Iphigenia held her fingers to her temples. She had a terrible headache. The group of Yearlings who’d been playing in the field had stopped at the commotion; she could see them standing nearby, watching the Mystics. In her heart, a sudden concern erupted.
“I saw,” she said, “I saw what must be done.”
The collected Mystics all looked at one another, confused.
Iphigenia sighed heavily. “Though in my heart I fear it is a near-impossible task. One for which we are not well equipped.” She wiped the dirt and snow from her sackcloth robe and looked at the Council Tree. Her eyes then moved to the line of trees at the edge of the clearing. A darkness was filling the spaces between. “And one I may not survive to witness.”
“What can we do?” asked a slender gray-white coyote.
Iphigenia turned to the other Mystics with a renewed purpose. “The children; we must get them to safety. Mabyn, Dawn, Anatolia, Damianos: Collect the Yearlings. Make sure they’re kept from sight. Nikanor, Hydrangea, and Erastus: Keep the civilians from the clearing. No matter what occurs, they must not enter here.” The Mystics did as they were instructed; Iphigenia turned to the three who had remained.
“Bion,” she said to the gray fox.
“Eutropia,” she said to the caramel-skinned woman.
“Timon,” she said to the lithe antelope. “Together we must stand against the assassins.”
It had been an optical illusion. While the fifth flag did flutter within Prue’s keen vision, it was not in easy grasp. The split in the rock that separated her from the banner was easily twenty feet wide; certainly too wide to leap.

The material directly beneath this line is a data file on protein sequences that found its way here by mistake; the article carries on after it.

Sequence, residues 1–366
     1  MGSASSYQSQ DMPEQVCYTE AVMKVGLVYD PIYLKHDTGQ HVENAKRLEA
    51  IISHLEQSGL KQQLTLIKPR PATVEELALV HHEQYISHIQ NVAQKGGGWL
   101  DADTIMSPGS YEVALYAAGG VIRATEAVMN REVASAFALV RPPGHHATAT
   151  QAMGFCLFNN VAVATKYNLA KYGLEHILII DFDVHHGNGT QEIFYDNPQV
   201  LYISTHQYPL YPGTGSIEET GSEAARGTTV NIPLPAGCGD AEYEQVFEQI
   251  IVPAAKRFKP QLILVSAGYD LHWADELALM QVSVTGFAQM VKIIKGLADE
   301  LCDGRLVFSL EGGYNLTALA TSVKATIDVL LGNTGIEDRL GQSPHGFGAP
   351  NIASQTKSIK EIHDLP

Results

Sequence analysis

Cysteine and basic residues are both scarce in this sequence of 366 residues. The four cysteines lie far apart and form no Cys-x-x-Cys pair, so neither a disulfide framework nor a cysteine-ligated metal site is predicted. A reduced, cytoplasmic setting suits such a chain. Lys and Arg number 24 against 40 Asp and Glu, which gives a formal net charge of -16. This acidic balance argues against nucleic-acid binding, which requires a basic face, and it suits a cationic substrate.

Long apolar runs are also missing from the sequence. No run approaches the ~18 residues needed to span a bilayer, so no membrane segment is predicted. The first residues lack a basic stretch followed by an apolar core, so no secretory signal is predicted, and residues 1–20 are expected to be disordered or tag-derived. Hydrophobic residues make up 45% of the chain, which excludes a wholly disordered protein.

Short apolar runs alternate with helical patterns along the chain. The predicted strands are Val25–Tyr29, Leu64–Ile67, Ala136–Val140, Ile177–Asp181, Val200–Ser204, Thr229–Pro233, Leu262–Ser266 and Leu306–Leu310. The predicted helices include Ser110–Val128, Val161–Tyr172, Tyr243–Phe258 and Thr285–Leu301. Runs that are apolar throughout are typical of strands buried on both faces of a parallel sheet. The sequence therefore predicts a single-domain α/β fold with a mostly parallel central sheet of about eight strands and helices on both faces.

The flag stood on a small outcrop on the far side of the gap; Prue studied it breathlessly. Clearly, it must be possible to reach the outcrop, she reasoned—otherwise, how had it got there? She looked all around her; there was no sign of a bridge or zip line. It was as if someone had flown in and dropped it there—but that didn’t seem to make sense. Eliciting the help of an Avian didn’t seem remotely likely, considering that the bandits-in-training wouldn’t be able to rely on flight themselves. While she puzzled this out, the rest of the pack caught up with her. There were only five remaining: the two mischievous boys who’d cut the rope bridge, Curtis, Aisling, and another girl. They were completely out of breath when they joined Prue at the edge of the cliff.
“There it is!” shouted one of the boys.
Curtis stared at Prue. “I thought you’d dropped out!” he said. “How did you—”
“The talents of a natural-born bandit, actually,” said Prue.
Aisling crossed her arms at her chest and pouted at the banner. “There’s no way we can get that. How did they even get it there? That’s, like, against the rules. Or something.”
“There are no rules,” Curtis reminded her.
“Later, suckers!” shouted one of the boys as he followed the ledge downward and away from the place where the others stood, his partner close behind.
“Where are they going?” asked the younger girl.
“I don’t know,” said Aisling. “But I’m guessing they know what they’re doing. See you on the other side!” And she ran off after the two boys. The younger girl gave Prue and Curtis a look before darting after her.
“Well?” said Prue.
“Well,” said Curtis.
“Got any ideas?”
Curtis rubbed his chin. “Not really. I’m pretty sure that’s not the way. I’ve been through this part of the Gap before, and I think that just leads down toward the mess hall.” He put his hands on his hips and eyed the cliff wall. “No, they must’ve gone back and crossed at another spot. Shoot.” He went to spit on the ground but did it fairly clumsily. The spit dripped in a lazy string from his lips.
“Nice,” said Prue sarcastically.
Curtis blushed and wiped the wetness from his chin. “It’s something I’m working on,” he said.
“Do you hear that?” asked Prue suddenly.
Curtis froze. “What?”
“That … moaning,” said Prue. She looked at Curtis; he shrugged.
“I don’t hear anything,” he said.